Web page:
Every quarter, I monitor release activity in 21 counties based on population size and to ensure that as many regions of the state as possible are represented. More than 90 percent of all occupied households in Colorado are within the twenty-one counties chosen:

The number of home loans paid off in Colorado was up 14.4 percent from the fourth quarter of 2015 to the fourth quarter of 2016. Comparing the full year of 2016 to 2015, the total was up 2.8 percent. 

Looking at all counties' measures, we find that during the fourth quarter of 2016, most areas reported increases in releases of deeds of trust: 

Year over year, the largest increase was in La Plata County and the largest decline was in Alamosa County.

Taking the year as a whole, the changes were less dramatic: 

Statewide, releases were up 2.8 percent for the year overall. Again, La Plata County showed the largest increase, but Eagle County, in this case, shows the largest decline. 

The fourth quarter of 2016 showed a sizable surge in release activity as can be seen in the first graph: 

For the fourth quarter of 2016, there were 93,147 releases, which makes the quarter the second-highest in releases since I began tracking the quarterly totals in 2008. During the fourth quarter of 2015, there were 81,398 releases. Over the past two years, there has been a sizable trend upward in release activity. 

Although quarterly data only goes back to 2008, I do have annual data going back to 2000. Looking at annual data, we find that 2016 was not an especially remarkable year, in spite of the fourth quarter's surge: 

Releases did hit a 3-year high in 2016, but this was comparable to what we saw in 2012 and 2013. Totals remain well below where they were in the run-up to the housing bubble in 2002, 2003, and 2004. 

So where is release activity most concentrated? In raw numbers, we naturally expect the most activity in the most populous counties. However, when we adjust for the total number of households in each county, we find: 

In this case, a small number means more release activity given the population size. So, the county with the most release activity per household is Summit County with only 6 households per release. The least-active county is Alamosa County with 48 households per release.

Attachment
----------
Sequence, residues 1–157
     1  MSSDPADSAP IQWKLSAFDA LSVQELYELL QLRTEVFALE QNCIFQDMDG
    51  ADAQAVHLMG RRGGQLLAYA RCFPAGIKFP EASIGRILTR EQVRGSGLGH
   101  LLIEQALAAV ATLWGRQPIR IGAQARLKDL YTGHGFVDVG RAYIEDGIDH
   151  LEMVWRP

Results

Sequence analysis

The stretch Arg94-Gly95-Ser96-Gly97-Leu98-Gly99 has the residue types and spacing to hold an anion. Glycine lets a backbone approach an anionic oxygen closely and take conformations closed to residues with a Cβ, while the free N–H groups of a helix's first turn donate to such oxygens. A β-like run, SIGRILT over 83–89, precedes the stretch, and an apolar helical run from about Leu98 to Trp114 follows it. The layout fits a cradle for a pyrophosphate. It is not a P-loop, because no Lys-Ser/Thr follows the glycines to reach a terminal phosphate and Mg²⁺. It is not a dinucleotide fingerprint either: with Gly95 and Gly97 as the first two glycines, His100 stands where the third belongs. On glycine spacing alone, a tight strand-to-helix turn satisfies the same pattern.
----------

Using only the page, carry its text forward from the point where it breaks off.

If we had to identify factors that lead to more release activity, we could likely point to median income and employment trends as factor, as well as overall demand for real estate in that area. There isn't a flawless correlation here, but counties like Douglas, Weld, and Jefferson continue to see fairly solid employment and income numbers while some counties at the bottom of the list — Pueblo and Alamosa Counties, for instance — tend to have lower incomes and/or less job growth. 

And finally, it's always helpful to compare release activity against trends in mortgage rates. Since refinance activity is a large factor in release activity, we find that, historically, falling interest rates have tended to spur more release activity.

This appears to still be the case, and we can see that in the quarters following declines in the mortgage rate, we see increasing release activity:

There is a lag here, so the 4th Q's surge represents the result of the overall decline in mortgage rates that occurred through most of 2016. Note also how in the quarters immediately following the increases in the mortgage rate in 2013, releases fell to a multi-year low. 

In late 2016, mortgage rates began to climb and remain above four percent during the first quarter of 2017. This is likely to lead to a leveling off in release activity, although this may not be apparent until after the first quarter this year. Moreover, a continuation of strong employment trends may mitigate interest-rate-based downward pressure on home sales and refi activity — and prevent sizable declines in release activity as well. 

Note on sources: all release activity is collected from the public trustee in each state listed.